Anti-graft outburst traced to evasion of poll reform

Anti-graft outburst traced to evasion of poll reform

Anti-graft outburst traced to evasion of poll reform

In the backdrop of Anna Hazare’s anti-corruption movement, Chief Election Commissioner S Y Quraishi said at a conference here that “for the last 15-18 years, we have been demanding and writing to the government to debar those who have serious criminal cases against them from contesting elections. But all political parties unanimously oppose it because they all have their quota of the people of this category.”

Quraishi said corruption in the election process and politics had led Anna Hazare and others launch the campaign. This situation had arisen because “law breakers are acting as law makers,” he said.

Through its proposal, the commission had been pressing for preventing the corrupt from coming to power.

“That’s much deeper and more basic reform. At least in those cases which would lead to five years of imprisonment and where an independent court of law has framed the charges candidates should be disqualified from contesting elections,” the CEC said.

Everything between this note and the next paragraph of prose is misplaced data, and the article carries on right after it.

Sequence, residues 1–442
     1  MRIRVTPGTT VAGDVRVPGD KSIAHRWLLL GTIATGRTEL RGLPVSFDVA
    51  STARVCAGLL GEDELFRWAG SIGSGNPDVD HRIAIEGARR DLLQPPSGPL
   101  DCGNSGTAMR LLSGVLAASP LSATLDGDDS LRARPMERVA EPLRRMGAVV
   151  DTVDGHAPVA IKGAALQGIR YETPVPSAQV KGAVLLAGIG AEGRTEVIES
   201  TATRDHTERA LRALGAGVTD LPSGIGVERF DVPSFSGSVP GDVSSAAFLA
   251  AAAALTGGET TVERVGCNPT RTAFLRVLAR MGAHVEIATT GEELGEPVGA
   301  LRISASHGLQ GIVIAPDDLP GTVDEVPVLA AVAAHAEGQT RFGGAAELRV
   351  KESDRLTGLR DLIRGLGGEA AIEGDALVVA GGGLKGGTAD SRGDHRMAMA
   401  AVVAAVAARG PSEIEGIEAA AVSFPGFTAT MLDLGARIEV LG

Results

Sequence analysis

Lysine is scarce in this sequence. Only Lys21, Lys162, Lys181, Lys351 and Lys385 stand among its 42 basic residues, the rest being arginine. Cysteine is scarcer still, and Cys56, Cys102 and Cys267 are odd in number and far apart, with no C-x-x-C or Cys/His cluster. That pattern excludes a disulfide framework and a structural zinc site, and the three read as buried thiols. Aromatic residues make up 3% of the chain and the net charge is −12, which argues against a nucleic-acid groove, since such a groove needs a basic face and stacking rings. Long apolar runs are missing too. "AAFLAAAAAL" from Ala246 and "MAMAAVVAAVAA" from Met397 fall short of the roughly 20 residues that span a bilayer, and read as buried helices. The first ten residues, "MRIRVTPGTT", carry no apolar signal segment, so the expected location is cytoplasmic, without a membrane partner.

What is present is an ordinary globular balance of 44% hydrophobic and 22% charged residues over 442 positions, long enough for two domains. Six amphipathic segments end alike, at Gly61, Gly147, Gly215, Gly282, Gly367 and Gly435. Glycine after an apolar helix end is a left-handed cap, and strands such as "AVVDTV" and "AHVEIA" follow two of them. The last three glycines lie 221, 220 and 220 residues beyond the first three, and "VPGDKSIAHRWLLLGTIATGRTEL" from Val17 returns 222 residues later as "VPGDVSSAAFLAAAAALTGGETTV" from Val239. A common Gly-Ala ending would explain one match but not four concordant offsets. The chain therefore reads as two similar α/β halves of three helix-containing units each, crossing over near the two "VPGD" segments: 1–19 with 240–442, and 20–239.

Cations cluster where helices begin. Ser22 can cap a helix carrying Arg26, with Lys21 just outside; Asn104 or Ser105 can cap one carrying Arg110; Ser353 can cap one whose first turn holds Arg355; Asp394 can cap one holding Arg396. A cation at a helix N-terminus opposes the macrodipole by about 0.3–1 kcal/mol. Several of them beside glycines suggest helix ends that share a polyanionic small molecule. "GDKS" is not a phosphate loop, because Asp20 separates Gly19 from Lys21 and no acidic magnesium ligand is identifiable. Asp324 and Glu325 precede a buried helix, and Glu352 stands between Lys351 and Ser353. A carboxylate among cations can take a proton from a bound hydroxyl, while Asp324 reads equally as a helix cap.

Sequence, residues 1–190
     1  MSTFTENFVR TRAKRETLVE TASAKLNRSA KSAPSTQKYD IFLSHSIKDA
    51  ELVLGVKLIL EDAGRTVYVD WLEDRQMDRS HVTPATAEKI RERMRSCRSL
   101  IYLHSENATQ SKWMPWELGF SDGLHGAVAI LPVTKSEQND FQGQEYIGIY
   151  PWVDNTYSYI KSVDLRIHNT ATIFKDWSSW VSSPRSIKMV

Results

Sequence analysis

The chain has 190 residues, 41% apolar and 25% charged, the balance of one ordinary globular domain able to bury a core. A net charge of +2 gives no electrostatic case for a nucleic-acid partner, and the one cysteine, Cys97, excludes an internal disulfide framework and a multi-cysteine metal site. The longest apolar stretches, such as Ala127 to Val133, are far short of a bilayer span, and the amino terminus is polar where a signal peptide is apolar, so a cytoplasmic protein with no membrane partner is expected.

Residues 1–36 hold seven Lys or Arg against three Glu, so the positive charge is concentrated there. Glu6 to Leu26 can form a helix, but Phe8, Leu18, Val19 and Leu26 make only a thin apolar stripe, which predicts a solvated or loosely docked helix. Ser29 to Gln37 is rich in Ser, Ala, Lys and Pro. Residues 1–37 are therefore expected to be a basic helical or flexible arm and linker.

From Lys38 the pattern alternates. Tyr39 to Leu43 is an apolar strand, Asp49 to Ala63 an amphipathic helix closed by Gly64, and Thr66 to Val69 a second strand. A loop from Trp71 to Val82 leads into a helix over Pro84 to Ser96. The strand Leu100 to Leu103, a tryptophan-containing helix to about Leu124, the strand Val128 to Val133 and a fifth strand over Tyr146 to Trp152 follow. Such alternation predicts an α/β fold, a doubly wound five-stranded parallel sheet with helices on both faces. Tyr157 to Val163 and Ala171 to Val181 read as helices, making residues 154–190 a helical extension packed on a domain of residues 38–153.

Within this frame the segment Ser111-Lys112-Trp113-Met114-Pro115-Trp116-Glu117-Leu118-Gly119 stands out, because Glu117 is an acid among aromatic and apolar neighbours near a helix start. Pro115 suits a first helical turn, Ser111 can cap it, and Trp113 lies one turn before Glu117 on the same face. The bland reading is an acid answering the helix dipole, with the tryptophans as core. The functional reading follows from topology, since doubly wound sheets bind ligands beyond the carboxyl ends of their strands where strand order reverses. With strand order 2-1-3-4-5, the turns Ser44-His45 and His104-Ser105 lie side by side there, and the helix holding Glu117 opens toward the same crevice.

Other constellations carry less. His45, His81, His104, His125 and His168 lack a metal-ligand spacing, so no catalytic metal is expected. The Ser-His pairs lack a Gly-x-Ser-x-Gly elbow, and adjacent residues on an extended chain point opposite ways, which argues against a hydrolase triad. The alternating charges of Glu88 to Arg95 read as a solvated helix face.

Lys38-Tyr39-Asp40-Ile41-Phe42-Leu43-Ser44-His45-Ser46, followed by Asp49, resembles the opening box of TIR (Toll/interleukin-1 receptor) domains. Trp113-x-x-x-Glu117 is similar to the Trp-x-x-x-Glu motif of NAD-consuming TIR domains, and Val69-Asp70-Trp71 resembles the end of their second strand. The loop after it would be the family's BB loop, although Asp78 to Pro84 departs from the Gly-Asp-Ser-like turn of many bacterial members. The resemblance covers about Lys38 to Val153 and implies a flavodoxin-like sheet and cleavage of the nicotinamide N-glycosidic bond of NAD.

In response to the commission’s reminders, the government had said there was no consensus among political parties on the proposal. “How can there be consensus when 40 per cent of them (politicians) have these kinds of cases,”  the CEC asked.

Political parties contended that such a law could be misused to get rival candidates debarred from contesting elections. He said “this argument” would hold good for petty cases but “what about cases of rape, murder, dacoity.”

He described Anna Hazare’s ongoing anti-corruption movement as an “unfortunate situation.” It could have been avoided had the government brought in the “basic reforms” in the election process.

“The corruption in the election process, corruption of politicians, are clogging the safety valve which is why this bursting of the pressure cooker is happening at Jantar Mantar. It was avoidable,” the CEC said.

Quraishi said the time had come for the government to take up the issue seriously and bring in “basic reforms.” It had to take steps to ensure that “this pressure-cooker like situation does not develop further.”

Corruption in the election process was destroying the “whole fabric of polity and elections unfortunately had become the biggest arena of corruption. Most of the MPs and MLAs start with falsehood.

They come with false affidavits, violate the expenditure guidelines. If you spend more than two crore to contest an elections to become an MLA, you surely will earn 20 crore because you have to pay back,” he said.

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